Early 20th Century Allotments
In August 1965, a formal government inquiry into allotments was initiated by the then Ministry of Land and Natural resources under the leadership of Professor H. Thorpe. Their report’s 350 pages was published 4 years later and is now often referred to by many as the ‘Thorpe Report’.
The article below draws upon the comprehensive review of the twentieth century allotments and the statutes that were passed which affected them.
By 1900 allotments had come to be recognised as either ‘garden allotments’ of some quarter of an acre or below or larger ‘farm’ allotments. The distinction depended on whether they were cultivated by spade or plough. In 1900 almost two-thirds of all allotments were ‘garden’ in character.
In 1908 the Small Holdings and Allotments Act came into force, placing a duty on local authorities to provide sufficient allotments, according to demand. Central power was vested in the Board of Agriculture, reflecting the view that County Councils had not been effective. The Board of Agriculture was able to launch independent inquiries if it considered that a County Council was not doing its job. The Act tidied up the 1887, 1890 and 1907 acts and included a statement that councils could not run allotments as a loss-making activity; and it required that notice to quit had to be given to plot holders. This act is still on the statute book today.
A Board of Agriculture survey in 1912 showed that around 25% of councils supplied land for allotments, amounting to 31,000 acres of which approximately 23% was purchased and the remainder leased. There were difficulties in getting land for urban allotments, principally due to development pressures and to address this The Vacant Land Cultivation Society was formed by Joseph Fels in 1907, but it had little early success in getting areas of waste land under cultivation.
In 1913 evidence given to a Land Inquiry Committee showed high demand for allotments in almost every urban area. At this time, a standard size of 300 square yards had been widely adopted.
The First World War gave allotments a massive boost especially in urban areas. In 1916, under the Defence of the Realm Act, local authorities were given powers to secure as much land for allotments as demanded, and parks, open space, playing fields were requisitioned and ‘wartime plots‘ appeared. Railway allotments increased from 27,680 to 93,473 plots between 1914 and 1918. In 1913 there had been 600,00 allotments in England and Wales and by 1918 this had increased to 1.5 million.
A Board of Agriculture report in 1916 found a great disparity between the rural and urban allotments with the urban ones producing more, and were maintained better whilst costing the user more. The rural allotments on the other hand, tended to be on poorer land, were poorly maintained, produced a lot less and costed a lot less.
At the end of the war there was a need to give up some 50,000 acres of allotment land but the returning servicemen fuelled a surge in demand, and it was estimated some 7,000 new applications were coming forward each week. In addition fresh food was in short supply and it’s price had risen sharply, and with a closing of the munitions factories and reduction in overtime many had more leisure time. The Land Settlement Act of 1919 was intended to help but it was the first time all references to the ‘labouring population’ was omitted and allotments were to be open to all, irrespective of status or occupation.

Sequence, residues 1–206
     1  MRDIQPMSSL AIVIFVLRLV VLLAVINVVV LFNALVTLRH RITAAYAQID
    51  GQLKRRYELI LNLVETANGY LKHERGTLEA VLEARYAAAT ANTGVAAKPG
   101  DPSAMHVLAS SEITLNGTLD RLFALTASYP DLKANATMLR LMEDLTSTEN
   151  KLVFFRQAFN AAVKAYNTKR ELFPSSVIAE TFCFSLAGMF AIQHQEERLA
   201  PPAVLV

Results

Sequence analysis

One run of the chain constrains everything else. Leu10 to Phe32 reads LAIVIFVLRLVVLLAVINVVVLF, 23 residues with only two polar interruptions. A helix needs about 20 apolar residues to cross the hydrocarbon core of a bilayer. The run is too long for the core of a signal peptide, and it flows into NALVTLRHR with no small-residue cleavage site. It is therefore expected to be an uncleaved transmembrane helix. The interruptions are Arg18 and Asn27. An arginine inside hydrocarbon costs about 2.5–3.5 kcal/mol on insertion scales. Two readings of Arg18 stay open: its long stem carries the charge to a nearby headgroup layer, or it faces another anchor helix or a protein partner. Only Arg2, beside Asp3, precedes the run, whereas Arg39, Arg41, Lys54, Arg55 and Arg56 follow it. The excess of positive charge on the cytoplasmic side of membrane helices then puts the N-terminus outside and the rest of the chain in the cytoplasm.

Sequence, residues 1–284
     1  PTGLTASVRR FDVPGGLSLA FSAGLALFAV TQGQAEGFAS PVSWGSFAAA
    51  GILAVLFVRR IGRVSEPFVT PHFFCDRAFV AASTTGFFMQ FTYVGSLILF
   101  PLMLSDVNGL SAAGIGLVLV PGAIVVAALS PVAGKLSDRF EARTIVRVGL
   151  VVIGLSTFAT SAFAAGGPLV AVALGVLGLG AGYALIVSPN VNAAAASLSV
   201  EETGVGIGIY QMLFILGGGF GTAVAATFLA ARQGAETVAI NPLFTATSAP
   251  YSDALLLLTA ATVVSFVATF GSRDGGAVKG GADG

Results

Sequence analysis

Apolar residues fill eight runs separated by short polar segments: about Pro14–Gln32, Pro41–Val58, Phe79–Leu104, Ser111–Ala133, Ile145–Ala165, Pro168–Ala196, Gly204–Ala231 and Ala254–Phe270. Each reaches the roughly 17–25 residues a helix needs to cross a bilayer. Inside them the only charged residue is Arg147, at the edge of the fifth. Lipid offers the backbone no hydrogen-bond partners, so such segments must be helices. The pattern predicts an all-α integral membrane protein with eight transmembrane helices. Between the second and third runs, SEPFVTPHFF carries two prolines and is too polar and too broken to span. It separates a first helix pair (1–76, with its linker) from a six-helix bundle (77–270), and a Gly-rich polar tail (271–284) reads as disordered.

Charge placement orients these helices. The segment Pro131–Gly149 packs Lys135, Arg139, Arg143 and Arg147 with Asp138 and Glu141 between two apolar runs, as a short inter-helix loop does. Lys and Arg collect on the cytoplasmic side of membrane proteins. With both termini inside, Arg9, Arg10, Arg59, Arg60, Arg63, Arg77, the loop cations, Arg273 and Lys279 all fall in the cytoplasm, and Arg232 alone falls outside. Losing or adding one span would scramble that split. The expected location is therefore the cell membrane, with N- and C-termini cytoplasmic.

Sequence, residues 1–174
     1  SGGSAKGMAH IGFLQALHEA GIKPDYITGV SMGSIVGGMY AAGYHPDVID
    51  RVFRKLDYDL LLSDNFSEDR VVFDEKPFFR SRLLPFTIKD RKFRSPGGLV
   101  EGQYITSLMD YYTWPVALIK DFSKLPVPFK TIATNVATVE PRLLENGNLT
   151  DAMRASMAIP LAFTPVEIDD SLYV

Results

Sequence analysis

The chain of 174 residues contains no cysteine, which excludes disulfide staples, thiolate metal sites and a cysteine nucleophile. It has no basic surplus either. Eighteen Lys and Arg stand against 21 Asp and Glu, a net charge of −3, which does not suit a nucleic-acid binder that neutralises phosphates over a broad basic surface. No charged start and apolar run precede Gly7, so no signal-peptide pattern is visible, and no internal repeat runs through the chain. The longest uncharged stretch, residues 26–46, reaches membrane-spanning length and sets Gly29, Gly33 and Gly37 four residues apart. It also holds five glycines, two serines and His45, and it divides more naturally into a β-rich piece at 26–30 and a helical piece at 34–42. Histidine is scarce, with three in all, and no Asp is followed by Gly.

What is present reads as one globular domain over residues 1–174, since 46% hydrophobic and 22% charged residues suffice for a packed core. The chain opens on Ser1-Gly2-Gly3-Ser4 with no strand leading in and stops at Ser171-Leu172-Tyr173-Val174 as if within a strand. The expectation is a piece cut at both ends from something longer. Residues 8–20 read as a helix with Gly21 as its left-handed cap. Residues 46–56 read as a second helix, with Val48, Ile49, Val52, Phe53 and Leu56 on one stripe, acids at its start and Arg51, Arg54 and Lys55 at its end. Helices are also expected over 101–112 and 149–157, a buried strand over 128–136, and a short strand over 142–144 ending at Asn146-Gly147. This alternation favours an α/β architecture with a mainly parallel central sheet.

By 1922 the balance of the return of emergency requisitioned land and the provision of security of tenure for allotment holders was introduced in the 1922 Allotments Act. This introduced the concept of the allotment garden mainly to produce fruit and vegetables. It also required councils to set up Allotment Committees (although this stipulation was subsequently removed in the Local Government Act (1972).
The Allotment Act of 1925 followed, which today is still the pivotal Act and provided two principal provisions. First, that allotments should be considered in every town planning scheme, and Second a regulation that land purchased or appropriated by a local authority for use as allotments (statutory allotments) must not be disposed of or used for other purposes without Ministerial consent, known as section 8 orders.
In Scotland the Community Empowerment Act came in to force on 1 April 2018 and updates and simplifies legislation on allotments. It requires local authorities to maintain waiting lists and take reasonable steps to provide allotments if the waiting lists exceed certain trigger points. It also strengthens the protection for allotments and clarifies the rights of local authorities and plot holders. Provisions allow allotments to be 250 square metres in size or a different size that is to be agreed between the person requesting an allotment and the local authority.
The National Allotment Society was formed in 1930.
Allotments declined in the 1920s and by 1929 had fallen below 1 million and less than 150,000 acres. In 1931 the Agricultural Land (Utilisation) Act was passed as a temporary measure to provide powers to the Ministry of Agriculture to provide plots. Between 1932 and 1937 even so 2,000 acres of urban allotment land was lost.
Dig For Victory
At the outbreak of the Second World War, Michael Foot’s solan and ‘Dig for Victory’ campaign (October 1939) with the objective of creating 0.5m new allotments. Pasture land, railway land, spaces in parks, front gardens, disused land on airfields, even bomb sites became allotments. The Ministry of Agriculture produced a series of leaflets with instructions on all aspects of fruit and vegetable cultivation. As the number of plots grew it became more difficult to get hold of adequate quantities of manure. A partial solution appeared with the introduction of National Growmore, a chemical-based balanced fertiliser 7 (nitrogen) :7 (phosphorus) :7 (potash), which was initially made available by George Monro & Sons. Potatoes were the most popular crop while Onion Clubs were formed to encourage people to grow the crop, as it had become almost impossible to get hold of them by 1941. By 1944 there was an estimated 1.75m plots.